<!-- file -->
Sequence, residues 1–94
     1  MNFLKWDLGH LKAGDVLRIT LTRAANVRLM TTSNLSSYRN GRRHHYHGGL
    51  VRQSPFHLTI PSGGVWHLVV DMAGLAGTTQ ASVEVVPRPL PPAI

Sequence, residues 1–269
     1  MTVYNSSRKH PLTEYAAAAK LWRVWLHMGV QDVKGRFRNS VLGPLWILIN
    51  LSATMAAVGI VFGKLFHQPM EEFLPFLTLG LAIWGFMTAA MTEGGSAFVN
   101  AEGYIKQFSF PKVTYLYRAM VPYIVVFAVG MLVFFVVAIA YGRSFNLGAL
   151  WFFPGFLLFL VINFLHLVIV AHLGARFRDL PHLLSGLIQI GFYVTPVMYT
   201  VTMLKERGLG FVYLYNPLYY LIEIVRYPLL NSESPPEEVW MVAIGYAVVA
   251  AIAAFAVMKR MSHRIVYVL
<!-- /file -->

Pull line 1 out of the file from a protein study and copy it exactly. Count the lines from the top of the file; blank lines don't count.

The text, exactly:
Sequence, residues 1–94